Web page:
I feel that high stakes standardized testing is not a benefit. When districts feel they must “teach to the test” there are no winners. Testing can be beneficial when it helps a teacher see where a student has strengths and weaknesses and can use this information to help a student succeed. When standardized testing is used to determine if a student can graduate or used as a tool against a teacher I feel that is more harm than good. Standardized testing is also unjust against low income students and students of color to a far greater extent. Standardized testing also represses critical thinking skills and moves to a more rote form of teaching. Critical thinking skills are one of the greatest assets we can provide to our students today. As a board member I would take into consideration all forms of structural barriers for standardized testing, advocate for ending the use of tests for tracking or for holding students back, and use the results for analyzing areas of improvement.
I am a proponent of elementary school start times being earlier than secondary start times. When my children were in elementary school they were up early each morning and we had a couple of hours at home before they left for school. When they reached middle school and high school age they were awake for less than an hour before they were sitting in their seat in the classroom, and they were exhausted. In talking with parents that currently have students in the Bellingham School District, I have not heard any complaints on the start times for students of any age. Research shows that teenagers sleep rhythms change and they typically find it difficult to go to sleep, with studies showing that the need to sleep on average is delayed by 2 hours. Having a later start time allows for a student to get more rest even if they are going to sleep later. When the start time is delayed for high school students, tardiness and absences decline. Less time missed increases student success.
The Bellingham School District has increased their on-time graduation rate steadily since 2010 with the class of 2017 having an 82.6% graduation rate. Helping 9th graders get acclimated to the school and the more rigorous work by providing peer and staff mentors. Statistics show that 9th graders who fail 1 class or less have a greater success rate than those that fail 2 or more, so helping the student keep current with assignments and being prepared for tests. Providing resources, such as after school help sessions, to students that have little or no support in studying outside of the school day also helps to increase success. Reducing tardiness and absences helps a student stay on track and more connected with their school community. Reducing the amount of school suspensions has also been shown to improve graduation rates. Providing a variety of classes that address diverse learning styles and needs and to address barriers that hold students back from being successful.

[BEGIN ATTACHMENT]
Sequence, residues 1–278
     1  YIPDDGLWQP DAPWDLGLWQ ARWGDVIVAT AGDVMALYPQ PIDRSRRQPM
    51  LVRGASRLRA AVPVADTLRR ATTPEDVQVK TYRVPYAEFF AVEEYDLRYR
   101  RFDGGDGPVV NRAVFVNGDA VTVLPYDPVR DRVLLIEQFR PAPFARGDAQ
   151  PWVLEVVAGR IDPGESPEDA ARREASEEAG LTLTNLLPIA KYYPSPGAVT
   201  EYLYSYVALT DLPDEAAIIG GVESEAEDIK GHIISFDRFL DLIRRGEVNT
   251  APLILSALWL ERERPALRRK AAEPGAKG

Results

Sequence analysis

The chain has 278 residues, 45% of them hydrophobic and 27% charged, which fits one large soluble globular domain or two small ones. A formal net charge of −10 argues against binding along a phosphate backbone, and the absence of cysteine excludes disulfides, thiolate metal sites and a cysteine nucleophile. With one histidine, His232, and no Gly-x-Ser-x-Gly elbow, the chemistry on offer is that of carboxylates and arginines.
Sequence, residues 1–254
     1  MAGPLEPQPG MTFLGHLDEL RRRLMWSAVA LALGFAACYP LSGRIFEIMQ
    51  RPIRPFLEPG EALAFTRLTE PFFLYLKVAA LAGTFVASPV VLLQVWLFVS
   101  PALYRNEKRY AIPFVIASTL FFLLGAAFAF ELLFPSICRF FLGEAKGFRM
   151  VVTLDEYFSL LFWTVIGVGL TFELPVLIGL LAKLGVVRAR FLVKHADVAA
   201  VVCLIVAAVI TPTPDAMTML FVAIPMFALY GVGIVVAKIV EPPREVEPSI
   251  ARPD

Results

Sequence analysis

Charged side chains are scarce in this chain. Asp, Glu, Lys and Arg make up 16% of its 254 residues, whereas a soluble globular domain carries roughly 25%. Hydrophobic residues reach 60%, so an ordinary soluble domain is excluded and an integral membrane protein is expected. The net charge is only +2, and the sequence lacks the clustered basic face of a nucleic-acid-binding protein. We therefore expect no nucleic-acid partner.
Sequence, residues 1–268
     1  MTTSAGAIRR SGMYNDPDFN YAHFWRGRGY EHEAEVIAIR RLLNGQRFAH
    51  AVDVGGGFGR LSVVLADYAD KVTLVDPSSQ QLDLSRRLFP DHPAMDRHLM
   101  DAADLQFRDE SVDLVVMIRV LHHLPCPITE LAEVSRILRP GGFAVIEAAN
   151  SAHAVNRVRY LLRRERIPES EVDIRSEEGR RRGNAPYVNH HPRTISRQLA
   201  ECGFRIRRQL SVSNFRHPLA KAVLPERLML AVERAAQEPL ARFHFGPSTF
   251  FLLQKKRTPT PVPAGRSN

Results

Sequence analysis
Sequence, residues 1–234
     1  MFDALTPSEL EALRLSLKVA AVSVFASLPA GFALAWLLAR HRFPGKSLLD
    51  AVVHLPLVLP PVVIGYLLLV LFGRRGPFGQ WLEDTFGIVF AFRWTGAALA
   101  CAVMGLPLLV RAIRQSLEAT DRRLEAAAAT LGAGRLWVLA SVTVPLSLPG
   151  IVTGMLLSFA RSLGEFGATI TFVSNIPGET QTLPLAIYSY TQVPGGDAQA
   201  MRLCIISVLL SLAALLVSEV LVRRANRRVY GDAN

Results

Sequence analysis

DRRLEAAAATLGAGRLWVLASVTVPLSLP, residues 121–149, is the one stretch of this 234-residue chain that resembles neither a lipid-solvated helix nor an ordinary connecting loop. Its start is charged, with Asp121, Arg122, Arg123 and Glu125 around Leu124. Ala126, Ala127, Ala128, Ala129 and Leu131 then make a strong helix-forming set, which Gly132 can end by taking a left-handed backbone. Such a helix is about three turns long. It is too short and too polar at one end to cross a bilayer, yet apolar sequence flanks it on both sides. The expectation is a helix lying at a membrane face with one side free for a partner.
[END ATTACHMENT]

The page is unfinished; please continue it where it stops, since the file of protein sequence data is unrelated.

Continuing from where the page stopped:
Bullying should be addressed immediately in any school setting, whether that be in the building, on school transportation, school sponsored events or online. Empowering students to have a voice and to seek help if bullying is taking place should be your top priority as a District. Providing resources of what constitutes bullying and how to report it should be available to both students and parents. Providing training to all staff to recognize bullying and how to step in and diffuse a situation and appropriate actions to take especially concerning discrimination on the basis of race, ethnicity, gender, ability, sexual orientation, etc. You must be sensitive to different types of bullying and respond in an appropriate matter. The biggest mistake that is made is when bullying is not reported or if it is reported the situation not being dealt with. Making sure that all staff is aware of the policies and procedures to make sure our students feel safe at school.
Bellingham School District has had a requirement of 3 credits in civics to graduate for almost a decade. While the state graduation requirements has increased to 24 credits, Bellingham School District will require 30 credits to graduate by 2021. BSD has addressed this increase in credits by moving to a 4x4 schedule with a total of 8 classes that a student can take a semester and now offers 23 classes in the civics curriculum to address diversity in course choices. The District now offers not only the core requirements of Civics, US History, and Contemporary World History; but also such diverse offerings as Comparative Religious Studies, World War II Through Film and Literature, Micro and Macroeconomics and Law and Society, to name a few. I would continue to support this diverse and robust offering in the Bellingham School District.